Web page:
No … but we could try to make it one.
Do you wear color?
In Florida I do.
So do you live like a double life, the Florida life where things are in color and the New York one where they’re not?
[Laughs] A little bit … a little bit! In Florida I wear color and have to live in my parents’ house.
What’s their house like?
It’s so traditional, so traditional. My parents are from the mid-West. To me, if I had a Florida house, it would have big windows and lots of light but this house looks like it could be in Chicago. And they still have the same house they bought a year before I was born so I still have my own bedroom.
Did you take to life in New York easily?
Yes. I had grown up coming here. I mean the Upper East Side is like all Palm Beachers walking around and when I was 13, I went to boarding school in Connecticut. I went to Ethel Walker …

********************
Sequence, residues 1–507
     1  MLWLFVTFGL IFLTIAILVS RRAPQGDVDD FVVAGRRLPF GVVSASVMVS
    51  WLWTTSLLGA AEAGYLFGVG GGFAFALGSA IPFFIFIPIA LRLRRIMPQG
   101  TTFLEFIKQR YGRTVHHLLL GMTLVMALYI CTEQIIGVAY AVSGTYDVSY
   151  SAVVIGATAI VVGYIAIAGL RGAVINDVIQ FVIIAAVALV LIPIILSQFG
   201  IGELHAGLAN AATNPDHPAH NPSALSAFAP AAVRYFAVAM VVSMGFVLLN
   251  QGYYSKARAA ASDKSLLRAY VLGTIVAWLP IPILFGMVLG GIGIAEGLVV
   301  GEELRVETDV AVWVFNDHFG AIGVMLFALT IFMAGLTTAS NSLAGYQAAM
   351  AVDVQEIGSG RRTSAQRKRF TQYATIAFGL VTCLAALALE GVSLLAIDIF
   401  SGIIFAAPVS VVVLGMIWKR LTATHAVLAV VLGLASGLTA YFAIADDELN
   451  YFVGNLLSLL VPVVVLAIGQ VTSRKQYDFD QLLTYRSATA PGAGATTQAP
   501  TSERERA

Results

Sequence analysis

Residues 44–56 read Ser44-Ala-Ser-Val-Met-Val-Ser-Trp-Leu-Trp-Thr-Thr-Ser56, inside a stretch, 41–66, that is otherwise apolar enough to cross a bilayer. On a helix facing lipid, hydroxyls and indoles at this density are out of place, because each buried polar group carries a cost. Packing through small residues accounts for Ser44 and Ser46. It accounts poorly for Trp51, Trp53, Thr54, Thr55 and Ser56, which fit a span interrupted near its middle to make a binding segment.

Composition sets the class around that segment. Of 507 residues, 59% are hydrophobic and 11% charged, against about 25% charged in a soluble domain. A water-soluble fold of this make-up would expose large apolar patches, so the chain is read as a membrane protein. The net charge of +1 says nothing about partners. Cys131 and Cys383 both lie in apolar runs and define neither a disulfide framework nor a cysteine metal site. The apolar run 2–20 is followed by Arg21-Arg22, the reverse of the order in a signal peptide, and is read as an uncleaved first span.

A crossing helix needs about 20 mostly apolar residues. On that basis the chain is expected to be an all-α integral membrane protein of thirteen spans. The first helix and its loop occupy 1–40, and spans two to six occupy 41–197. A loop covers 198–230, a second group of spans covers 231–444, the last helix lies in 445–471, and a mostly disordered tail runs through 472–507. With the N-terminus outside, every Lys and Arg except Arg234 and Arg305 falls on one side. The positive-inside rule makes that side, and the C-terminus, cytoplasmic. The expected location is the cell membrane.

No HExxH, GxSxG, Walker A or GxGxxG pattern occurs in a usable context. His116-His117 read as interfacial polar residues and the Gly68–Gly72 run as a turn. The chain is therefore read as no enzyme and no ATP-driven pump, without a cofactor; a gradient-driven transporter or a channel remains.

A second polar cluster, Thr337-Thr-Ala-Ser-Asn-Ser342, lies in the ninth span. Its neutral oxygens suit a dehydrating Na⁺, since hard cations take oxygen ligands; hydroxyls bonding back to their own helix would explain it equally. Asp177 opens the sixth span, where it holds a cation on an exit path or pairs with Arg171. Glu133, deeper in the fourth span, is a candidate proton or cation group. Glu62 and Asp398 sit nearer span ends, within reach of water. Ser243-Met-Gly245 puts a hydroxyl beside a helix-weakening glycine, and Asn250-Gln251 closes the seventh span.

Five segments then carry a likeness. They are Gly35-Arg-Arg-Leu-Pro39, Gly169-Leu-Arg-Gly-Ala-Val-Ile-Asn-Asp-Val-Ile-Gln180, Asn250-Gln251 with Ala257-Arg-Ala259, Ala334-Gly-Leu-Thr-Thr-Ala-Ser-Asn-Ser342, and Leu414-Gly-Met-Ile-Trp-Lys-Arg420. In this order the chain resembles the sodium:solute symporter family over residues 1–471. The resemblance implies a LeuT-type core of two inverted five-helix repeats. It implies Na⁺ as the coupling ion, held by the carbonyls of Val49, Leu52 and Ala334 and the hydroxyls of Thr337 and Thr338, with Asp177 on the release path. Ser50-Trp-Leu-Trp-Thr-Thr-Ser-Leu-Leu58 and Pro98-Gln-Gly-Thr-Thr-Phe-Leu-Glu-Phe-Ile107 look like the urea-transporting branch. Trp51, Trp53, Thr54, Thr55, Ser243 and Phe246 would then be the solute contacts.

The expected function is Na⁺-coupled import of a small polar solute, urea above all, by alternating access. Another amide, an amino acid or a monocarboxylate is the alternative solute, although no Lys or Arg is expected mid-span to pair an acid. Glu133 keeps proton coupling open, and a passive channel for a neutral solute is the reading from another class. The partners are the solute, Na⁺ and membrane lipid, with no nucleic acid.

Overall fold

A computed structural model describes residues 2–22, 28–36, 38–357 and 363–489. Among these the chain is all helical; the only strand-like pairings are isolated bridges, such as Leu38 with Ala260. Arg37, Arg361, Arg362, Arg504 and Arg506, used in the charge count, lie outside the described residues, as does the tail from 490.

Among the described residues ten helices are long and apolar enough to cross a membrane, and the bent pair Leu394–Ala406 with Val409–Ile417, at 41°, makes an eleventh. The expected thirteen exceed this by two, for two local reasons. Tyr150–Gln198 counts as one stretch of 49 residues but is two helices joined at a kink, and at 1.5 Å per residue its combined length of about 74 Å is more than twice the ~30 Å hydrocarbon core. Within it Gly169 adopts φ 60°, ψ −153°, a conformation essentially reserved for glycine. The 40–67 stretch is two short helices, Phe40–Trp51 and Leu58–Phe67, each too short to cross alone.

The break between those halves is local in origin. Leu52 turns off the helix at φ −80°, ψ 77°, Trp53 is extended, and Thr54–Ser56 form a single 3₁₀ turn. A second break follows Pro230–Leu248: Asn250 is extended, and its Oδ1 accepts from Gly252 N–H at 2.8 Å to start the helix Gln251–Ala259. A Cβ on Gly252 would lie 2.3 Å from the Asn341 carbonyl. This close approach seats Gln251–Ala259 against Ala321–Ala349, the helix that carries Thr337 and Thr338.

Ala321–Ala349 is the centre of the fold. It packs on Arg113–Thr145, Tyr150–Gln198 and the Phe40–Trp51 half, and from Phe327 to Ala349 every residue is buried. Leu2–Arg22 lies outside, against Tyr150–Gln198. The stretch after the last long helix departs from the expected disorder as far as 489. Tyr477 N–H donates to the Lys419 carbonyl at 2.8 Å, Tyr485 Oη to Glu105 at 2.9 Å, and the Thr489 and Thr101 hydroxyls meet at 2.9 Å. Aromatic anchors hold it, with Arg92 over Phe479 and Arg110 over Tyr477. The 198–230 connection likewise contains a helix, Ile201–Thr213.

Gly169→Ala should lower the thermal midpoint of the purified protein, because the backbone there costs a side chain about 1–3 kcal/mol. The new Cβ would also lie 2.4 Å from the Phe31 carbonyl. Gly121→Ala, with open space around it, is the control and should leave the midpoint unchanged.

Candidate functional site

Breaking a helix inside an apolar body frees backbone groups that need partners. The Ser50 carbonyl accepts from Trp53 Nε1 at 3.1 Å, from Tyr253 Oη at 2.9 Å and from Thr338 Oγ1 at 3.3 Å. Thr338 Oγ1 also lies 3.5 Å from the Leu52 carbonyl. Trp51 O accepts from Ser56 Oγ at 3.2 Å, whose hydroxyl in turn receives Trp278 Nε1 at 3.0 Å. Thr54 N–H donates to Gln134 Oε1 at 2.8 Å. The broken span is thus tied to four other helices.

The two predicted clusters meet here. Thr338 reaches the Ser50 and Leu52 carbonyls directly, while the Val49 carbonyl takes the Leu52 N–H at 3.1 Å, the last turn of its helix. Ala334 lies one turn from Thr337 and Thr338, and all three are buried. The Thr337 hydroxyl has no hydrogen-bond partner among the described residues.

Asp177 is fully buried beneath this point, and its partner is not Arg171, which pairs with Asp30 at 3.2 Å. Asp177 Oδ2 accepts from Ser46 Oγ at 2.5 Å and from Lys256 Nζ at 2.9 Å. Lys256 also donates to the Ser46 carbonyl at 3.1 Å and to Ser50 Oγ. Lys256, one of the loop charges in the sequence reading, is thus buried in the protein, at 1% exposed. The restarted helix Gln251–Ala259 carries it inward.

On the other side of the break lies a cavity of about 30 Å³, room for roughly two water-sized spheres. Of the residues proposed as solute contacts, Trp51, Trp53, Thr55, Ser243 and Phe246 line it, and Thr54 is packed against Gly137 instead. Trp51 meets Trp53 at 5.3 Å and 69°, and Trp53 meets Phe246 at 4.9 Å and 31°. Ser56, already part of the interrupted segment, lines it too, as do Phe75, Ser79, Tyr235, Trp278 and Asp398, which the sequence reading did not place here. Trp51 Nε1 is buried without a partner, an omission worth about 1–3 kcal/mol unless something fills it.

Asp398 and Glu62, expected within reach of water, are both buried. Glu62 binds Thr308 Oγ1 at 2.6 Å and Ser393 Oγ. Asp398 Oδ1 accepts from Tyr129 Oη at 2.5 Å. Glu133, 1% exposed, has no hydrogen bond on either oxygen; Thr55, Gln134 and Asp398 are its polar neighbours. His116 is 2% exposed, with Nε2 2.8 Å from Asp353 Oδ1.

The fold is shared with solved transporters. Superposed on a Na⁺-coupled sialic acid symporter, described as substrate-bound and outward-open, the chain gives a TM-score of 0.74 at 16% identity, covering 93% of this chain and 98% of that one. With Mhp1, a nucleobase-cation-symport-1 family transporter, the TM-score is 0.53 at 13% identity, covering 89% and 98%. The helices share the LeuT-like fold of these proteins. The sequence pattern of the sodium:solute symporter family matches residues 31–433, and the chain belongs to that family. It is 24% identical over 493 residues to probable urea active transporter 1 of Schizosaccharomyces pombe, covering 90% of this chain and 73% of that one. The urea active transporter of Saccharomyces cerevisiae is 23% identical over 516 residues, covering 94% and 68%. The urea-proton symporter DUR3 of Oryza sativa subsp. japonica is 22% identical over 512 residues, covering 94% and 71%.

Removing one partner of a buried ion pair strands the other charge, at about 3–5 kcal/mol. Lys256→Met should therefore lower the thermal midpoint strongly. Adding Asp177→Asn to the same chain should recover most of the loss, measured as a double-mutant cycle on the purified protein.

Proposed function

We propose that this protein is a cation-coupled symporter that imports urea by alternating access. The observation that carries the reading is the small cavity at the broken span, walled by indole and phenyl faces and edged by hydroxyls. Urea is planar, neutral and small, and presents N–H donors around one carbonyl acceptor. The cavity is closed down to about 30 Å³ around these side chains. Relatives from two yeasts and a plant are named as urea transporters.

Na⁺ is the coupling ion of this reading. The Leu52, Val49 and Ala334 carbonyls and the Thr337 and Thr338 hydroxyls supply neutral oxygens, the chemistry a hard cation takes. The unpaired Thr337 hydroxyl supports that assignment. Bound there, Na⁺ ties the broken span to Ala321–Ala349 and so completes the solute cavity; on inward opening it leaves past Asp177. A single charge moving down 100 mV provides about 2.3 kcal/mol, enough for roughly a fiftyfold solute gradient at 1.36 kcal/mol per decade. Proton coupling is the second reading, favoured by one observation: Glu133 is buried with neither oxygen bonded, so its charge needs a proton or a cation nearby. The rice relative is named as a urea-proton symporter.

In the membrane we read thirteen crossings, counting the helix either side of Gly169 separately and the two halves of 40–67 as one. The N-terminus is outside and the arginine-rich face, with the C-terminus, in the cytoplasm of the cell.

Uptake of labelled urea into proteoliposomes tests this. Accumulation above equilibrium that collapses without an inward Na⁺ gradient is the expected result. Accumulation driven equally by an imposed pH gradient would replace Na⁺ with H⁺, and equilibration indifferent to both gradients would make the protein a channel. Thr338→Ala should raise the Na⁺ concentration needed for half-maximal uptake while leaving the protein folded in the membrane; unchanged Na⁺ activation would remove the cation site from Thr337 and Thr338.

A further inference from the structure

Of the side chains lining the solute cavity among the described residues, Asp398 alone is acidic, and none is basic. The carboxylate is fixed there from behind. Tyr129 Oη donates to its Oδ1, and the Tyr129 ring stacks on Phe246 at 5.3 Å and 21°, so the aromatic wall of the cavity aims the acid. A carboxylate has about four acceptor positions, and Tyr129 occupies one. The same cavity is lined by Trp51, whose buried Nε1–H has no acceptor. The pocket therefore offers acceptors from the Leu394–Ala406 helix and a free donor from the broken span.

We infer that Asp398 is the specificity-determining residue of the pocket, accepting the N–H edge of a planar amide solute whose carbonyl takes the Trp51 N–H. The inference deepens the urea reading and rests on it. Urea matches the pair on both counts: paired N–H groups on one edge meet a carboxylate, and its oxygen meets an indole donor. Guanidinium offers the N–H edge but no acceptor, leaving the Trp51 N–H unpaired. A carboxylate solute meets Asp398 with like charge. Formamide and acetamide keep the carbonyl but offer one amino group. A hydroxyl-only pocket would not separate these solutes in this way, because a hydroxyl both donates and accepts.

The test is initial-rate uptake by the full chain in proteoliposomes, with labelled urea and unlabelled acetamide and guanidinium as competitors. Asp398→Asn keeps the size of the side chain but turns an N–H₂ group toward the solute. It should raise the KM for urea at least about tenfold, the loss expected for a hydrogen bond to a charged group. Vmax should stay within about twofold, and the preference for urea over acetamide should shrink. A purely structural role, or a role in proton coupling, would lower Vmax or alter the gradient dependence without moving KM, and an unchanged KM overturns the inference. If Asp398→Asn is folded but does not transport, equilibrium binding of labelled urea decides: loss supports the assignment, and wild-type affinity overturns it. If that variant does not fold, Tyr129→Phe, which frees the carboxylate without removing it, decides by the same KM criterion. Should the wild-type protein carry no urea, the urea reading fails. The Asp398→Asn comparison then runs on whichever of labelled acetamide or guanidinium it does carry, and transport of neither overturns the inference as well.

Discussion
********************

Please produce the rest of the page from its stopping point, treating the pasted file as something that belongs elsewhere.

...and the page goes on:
Oh that is a girlie girls’ school … like Miss Manners.
It’s a girlie girls’ school … I was homesick and it was kind of a boring school. I don’t look back on it like it was this wonderful time.
How many projects are you juggling at the moment? Is business coming in at last?
It’s crazy! We had a slow period in 2008. Right now I have too many projects.
Why do you think it’s picking up?
I don’t know. I don’t know if this is a false security. Everybody keeps telling me, “Ride the wave because it’s going to be over again.”
What do you do on a free day?
This is so dorky but I love going to down the Lower East Side and looking at bars and restaurants, looking at their fixtures and how they do their interiors … I can describe the lighting of every restaurant but not the food. I love shopping … I love Barneys, the jewelery.
But it’s so expensive!
I’m like, “Who can afford this?” And then I feel sorry for myself. And then I’m like, “Stop feeling sorry for yourself.” And then I say you can pick one thing. And then I can’t pick my one thing. And then I say, “You should probably leave.” And I then I leave.